We have heard an alarming story from two clients recently that a local nursing home is telling families they are not accepting Medicaid patients at the moment. These are families with loved ones in the rehabilitation unit who are being told they can’t stay long term because either 1) the patient has not shown enough assets to be able to private pay, or 2) because they are not accepting Medicaid patients at this time. Medicaid discrimination clearly violates federal law. While nursing homes can be private pay only and choose not to accept Medicaid at all, most nursing homes do accept Medicaid. If a nursing home accepts Medicaid patients at all, they cannot favor private pay residents over residents covered by Medicaid.
Don’t let a nursing home tell you they aren’t accepting Medicaid. Sometimes you will hear a nursing home representative say they don’t have any Medicaid beds. Typically a Medicaid facility is certified for many, many Medicaid beds, and possibly ALL the facility beds are certified for Medicaid patients. A statement that a facility doesn’t have any available Medicaid beds is almost always a complete falsehood.
Medicaid is the program that pays for nursing home care when all of a person’s assets have been spent down below a certain level. I can think of only one nursing home in the Roanoke Valley that does not accept Medicaid. People often think of Medicaid as a resource for the very poor. In the context of nursing homes, however, it is a benefit for the middle class. With nursing home rates easily topping $10,000 per month in our area, it’s clear many people can’t sustain that kind of a payment for very long.
When your loved one is in a nursing home receiving rehab, and is unable to return home, you are in an excellent position to ensure your loved one can stay in the facility, even if the facility states they are not accepting Medicaid patients, or they don’t have a long term bed, or you don’t have enough financial resources to stay. The fact is, your loved one is in a bed at the facility, and the facility accepts Medicaid. A nursing home can only discharge for six distinct reasons:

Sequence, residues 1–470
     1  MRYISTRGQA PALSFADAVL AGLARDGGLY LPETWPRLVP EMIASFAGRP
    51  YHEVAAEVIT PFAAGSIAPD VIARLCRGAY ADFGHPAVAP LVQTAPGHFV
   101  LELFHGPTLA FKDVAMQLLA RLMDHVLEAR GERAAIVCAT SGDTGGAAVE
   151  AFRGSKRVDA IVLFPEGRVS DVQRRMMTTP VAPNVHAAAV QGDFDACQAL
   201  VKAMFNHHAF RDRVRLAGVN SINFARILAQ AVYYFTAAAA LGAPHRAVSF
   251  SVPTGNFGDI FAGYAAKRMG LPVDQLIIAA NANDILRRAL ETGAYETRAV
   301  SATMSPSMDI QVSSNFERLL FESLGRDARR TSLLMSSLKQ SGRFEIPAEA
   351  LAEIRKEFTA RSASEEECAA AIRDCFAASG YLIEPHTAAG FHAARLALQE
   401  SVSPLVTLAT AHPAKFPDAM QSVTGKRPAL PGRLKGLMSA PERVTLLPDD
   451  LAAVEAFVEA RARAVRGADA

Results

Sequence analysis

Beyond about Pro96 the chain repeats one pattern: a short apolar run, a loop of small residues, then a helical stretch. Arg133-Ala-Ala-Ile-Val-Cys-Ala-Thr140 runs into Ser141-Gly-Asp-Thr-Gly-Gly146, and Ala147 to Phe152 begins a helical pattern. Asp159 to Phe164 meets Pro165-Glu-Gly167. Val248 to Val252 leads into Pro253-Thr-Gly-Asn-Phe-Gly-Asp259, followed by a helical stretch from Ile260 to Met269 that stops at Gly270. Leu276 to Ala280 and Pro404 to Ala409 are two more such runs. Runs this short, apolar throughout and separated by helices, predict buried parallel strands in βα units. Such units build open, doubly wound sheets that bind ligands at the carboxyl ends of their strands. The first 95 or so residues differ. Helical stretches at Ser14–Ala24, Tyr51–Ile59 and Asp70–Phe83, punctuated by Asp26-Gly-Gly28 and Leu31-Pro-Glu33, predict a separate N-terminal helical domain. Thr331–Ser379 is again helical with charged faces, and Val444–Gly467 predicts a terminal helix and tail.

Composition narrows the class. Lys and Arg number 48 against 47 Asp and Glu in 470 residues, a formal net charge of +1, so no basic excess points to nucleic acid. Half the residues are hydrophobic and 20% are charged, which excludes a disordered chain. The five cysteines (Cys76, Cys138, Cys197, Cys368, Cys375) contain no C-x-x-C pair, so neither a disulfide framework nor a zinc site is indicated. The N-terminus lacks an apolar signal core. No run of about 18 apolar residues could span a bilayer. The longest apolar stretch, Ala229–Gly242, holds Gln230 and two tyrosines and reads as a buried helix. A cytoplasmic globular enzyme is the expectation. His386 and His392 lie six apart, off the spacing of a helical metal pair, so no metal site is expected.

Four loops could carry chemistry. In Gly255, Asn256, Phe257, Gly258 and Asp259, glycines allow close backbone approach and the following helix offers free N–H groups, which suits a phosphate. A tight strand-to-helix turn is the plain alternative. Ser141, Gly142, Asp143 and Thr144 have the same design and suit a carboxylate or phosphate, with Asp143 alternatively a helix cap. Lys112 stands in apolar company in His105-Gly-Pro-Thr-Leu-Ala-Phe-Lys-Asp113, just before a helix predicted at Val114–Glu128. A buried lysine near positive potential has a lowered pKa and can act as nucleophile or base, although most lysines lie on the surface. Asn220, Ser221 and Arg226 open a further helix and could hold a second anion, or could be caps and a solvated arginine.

–The facility cannot meet the resident’s needs;
–The resident no longer needs nursing facility services;
–The resident’s presence endangers the safety of others in the facility;
–The resident’s presence endangers the health of others in the facility;
–The resident has failed to pay; or
–The facility is closing.
And while we are on our soap box, we would like to note that a nursing home cannot require you to sign an arbitration agreement as a condition of admission, nor can they require a third party such as a child to sign as a “guarantor” or “responsible party” for payment purposes. Further the facility is required to deliver a 30 day notice prior to discharge, except under emergency circumstances. You can appeal a discharge determination! You can potentially get help from the Ombudsman! We can also help.
We are very sad knowing that many families who don’t have legal counsel are allowing nursing homes to discharge their loved ones when the families really want their loved ones to stay at that facility. Families are sent scrambling to find a placement at other nursing facilities with worse reputations or which are at a greater distance for the family to travel. We like to help families exercise their rights under the law.